Study unearths survival strategies of root systems

15/04/2024 | 2 mins

New research from The University of Western Australia has examined how fine root lifespan is linked to root strategies of resource acquisition and protection.

Emeritus Professor Hans Lambers, from UWA's School of Biological Sciences, was co-author of the study published in Proceedings of the National Academy of Science.

“How the lifespan of roots is related to the strategies roots use to acquire nutrients from the soil is largely unknown,” Professor Lambers said.

“We compiled the most comprehensive dataset of what roots absorb over their lifespan from 98 observations of 79 woody species using underground recordings of roots across 40 sites.

“Our study then linked average root lifespan to other plant traits to address questions of what regulates root lifespan on a large spatial scale."

The study found median root lifespan decreases with plant investment in more metabolically active compounds, such as root nitrogen, but increases in plants that have a reliance on symbiotic fungi.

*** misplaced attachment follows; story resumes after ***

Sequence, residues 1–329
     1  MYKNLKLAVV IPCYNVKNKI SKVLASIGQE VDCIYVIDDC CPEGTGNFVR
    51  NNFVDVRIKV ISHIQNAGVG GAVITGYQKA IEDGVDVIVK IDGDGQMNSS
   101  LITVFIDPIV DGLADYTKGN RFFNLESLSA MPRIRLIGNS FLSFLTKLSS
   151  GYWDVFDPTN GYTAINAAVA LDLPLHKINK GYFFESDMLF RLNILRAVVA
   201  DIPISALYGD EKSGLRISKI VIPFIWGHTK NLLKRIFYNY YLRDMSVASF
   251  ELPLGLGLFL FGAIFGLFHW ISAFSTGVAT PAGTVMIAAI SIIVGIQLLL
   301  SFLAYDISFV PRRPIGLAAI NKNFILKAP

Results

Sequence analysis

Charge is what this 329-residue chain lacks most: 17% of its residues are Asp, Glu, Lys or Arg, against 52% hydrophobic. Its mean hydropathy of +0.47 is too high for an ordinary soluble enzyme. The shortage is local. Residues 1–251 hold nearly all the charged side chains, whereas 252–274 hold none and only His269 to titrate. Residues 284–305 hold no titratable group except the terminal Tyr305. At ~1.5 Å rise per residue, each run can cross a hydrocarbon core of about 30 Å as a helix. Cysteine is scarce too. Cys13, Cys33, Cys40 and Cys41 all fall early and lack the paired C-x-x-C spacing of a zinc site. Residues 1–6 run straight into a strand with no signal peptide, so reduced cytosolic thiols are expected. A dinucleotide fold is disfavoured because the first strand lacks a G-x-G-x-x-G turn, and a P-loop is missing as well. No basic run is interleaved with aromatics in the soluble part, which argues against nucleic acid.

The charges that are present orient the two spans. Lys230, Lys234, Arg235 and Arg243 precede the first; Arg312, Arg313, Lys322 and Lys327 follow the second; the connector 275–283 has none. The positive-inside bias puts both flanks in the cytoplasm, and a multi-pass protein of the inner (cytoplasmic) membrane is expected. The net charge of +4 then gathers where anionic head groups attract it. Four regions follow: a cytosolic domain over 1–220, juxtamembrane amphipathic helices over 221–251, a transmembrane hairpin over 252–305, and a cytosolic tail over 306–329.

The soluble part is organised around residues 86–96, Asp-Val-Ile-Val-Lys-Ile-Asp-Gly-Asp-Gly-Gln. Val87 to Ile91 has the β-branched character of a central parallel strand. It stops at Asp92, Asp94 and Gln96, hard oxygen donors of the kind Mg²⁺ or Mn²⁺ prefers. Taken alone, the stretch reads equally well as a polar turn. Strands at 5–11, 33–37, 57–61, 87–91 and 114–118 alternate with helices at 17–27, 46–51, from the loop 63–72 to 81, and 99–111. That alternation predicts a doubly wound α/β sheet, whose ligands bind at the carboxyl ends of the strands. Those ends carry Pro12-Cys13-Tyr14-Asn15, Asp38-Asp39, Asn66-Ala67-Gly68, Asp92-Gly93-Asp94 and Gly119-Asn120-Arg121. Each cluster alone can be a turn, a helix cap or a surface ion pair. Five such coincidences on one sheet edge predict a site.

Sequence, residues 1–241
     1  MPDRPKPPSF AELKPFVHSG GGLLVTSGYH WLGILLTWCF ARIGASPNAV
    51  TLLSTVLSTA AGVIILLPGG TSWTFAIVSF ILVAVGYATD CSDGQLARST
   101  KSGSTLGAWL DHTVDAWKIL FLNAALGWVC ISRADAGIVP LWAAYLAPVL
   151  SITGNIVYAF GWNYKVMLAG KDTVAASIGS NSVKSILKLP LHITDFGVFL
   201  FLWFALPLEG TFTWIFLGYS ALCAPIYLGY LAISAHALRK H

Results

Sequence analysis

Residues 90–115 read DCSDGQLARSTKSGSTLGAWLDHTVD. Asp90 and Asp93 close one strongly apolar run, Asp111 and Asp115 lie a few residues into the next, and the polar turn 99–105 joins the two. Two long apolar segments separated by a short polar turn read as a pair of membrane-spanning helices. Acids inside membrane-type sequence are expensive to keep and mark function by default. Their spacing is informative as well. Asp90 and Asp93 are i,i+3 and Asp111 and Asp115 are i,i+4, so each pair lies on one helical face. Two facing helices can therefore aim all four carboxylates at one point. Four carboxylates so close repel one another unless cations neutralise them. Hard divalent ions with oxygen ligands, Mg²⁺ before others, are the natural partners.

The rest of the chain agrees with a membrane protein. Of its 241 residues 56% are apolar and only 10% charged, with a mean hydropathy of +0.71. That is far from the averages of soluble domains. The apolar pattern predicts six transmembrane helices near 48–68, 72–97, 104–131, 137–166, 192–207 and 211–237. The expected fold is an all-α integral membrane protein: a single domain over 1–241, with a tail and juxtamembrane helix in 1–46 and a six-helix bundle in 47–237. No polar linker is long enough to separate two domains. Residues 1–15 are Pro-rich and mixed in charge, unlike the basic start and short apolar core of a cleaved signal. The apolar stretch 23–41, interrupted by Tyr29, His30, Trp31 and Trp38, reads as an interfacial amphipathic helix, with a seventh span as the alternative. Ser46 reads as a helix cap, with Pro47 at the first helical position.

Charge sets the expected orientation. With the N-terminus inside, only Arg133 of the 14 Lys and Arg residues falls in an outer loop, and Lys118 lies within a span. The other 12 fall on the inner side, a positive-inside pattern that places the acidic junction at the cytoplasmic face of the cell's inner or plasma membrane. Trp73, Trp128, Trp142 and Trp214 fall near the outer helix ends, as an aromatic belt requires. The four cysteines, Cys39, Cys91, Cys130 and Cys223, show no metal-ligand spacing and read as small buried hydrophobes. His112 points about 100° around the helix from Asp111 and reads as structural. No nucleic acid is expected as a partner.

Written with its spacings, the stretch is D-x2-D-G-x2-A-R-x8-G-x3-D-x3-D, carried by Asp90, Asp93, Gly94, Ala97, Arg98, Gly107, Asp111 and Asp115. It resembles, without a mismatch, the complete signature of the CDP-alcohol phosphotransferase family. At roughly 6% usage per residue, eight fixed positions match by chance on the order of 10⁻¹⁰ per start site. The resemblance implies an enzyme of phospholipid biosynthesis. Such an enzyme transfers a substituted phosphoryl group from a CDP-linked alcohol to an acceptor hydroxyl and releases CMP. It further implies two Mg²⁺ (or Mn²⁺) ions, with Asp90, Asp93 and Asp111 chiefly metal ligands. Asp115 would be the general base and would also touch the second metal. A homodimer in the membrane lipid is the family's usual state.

“Previous theories have suggested plant organ structure and function together with root traits play a role in lifespan, but our study found there was no correlation,” he said.

The study also found there was no link between fine root and leaf lifespan except among evergreen species.

“This suggested that the environment has influenced evolutionary selection in different ways aboveground compared to belowground,” Professor Lambers said.

“We also found the root lifespan was typically longer in places with a lower mean annual temperature and higher average yearly rainfall.”

The results of the study will help to identify key variables and environmental drivers of root lifespan and understand how the ecosystem responds to climate change.

Media references

Annelies Gartner (UWA PR & Media Adviser) 08 6488 6876

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